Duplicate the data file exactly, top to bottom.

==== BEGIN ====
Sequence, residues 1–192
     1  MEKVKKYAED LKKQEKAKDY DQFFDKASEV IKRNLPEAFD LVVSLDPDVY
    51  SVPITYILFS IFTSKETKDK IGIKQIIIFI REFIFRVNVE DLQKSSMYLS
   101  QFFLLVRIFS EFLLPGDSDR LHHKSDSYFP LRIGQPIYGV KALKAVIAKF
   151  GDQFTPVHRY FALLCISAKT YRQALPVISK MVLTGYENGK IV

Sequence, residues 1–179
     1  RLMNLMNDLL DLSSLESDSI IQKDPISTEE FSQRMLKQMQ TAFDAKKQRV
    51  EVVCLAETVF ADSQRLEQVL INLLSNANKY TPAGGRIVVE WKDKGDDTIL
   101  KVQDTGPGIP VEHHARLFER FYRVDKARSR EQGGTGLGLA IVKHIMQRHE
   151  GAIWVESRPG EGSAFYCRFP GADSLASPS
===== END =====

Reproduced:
Sequence, residues 1–192
     1  MEKVKKYAED LKKQEKAKDY DQFFDKASEV IKRNLPEAFD LVVSLDPDVY
    51  SVPITYILFS IFTSKETKDK IGIKQIIIFI REFIFRVNVE DLQKSSMYLS
   101  QFFLLVRIFS EFLLPGDSDR LHHKSDSYFP LRIGQPIYGV KALKAVIAKF
   151  GDQFTPVHRY FALLCISAKT YRQALPVISK MVLTGYENGK IV

Sequence, residues 1–179
     1  RLMNLMNDLL DLSSLESDSI IQKDPISTEE FSQRMLKQMQ TAFDAKKQRV
    51  EVVCLAETVF ADSQRLEQVL INLLSNANKY TPAGGRIVVE WKDKGDDTIL
   101  KVQDTGPGIP VEHHARLFER FYRVDKARSR EQGGTGLGLA IVKHIMQRHE
   151  GAIWVESRPG EGSAFYCRFP GADSLASPS